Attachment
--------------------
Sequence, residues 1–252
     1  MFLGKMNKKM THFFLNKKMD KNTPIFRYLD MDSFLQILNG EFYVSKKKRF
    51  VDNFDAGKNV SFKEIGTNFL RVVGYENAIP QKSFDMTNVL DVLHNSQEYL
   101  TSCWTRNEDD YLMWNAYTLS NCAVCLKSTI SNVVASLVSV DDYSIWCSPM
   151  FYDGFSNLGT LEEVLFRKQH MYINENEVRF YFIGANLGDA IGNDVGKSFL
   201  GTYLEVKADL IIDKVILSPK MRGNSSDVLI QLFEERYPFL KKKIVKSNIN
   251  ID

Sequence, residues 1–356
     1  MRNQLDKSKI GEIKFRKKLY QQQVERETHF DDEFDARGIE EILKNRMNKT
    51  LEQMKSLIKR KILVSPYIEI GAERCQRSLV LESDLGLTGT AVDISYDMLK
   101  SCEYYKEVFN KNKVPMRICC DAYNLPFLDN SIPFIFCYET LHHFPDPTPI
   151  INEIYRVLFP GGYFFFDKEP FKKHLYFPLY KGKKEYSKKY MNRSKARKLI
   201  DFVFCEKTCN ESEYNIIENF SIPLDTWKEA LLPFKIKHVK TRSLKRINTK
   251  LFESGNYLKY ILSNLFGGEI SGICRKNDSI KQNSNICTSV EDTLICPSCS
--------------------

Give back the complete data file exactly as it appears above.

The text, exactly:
Sequence, residues 1–252
     1  MFLGKMNKKM THFFLNKKMD KNTPIFRYLD MDSFLQILNG EFYVSKKKRF
    51  VDNFDAGKNV SFKEIGTNFL RVVGYENAIP QKSFDMTNVL DVLHNSQEYL
   101  TSCWTRNEDD YLMWNAYTLS NCAVCLKSTI SNVVASLVSV DDYSIWCSPM
   151  FYDGFSNLGT LEEVLFRKQH MYINENEVRF YFIGANLGDA IGNDVGKSFL
   201  GTYLEVKADL IIDKVILSPK MRGNSSDVLI QLFEERYPFL KKKIVKSNIN
   251  ID

Sequence, residues 1–356
     1  MRNQLDKSKI GEIKFRKKLY QQQVERETHF DDEFDARGIE EILKNRMNKT
    51  LEQMKSLIKR KILVSPYIEI GAERCQRSLV LESDLGLTGT AVDISYDMLK
   101  SCEYYKEVFN KNKVPMRICC DAYNLPFLDN SIPFIFCYET LHHFPDPTPI
   151  INEIYRVLFP GGYFFFDKEP FKKHLYFPLY KGKKEYSKKY MNRSKARKLI
   201  DFVFCEKTCN ESEYNIIENF SIPLDTWKEA LLPFKIKHVK TRSLKRINTK
   251  LFESGNYLKY ILSNLFGGEI SGICRKNDSI KQNSNICTSV EDTLICPSCS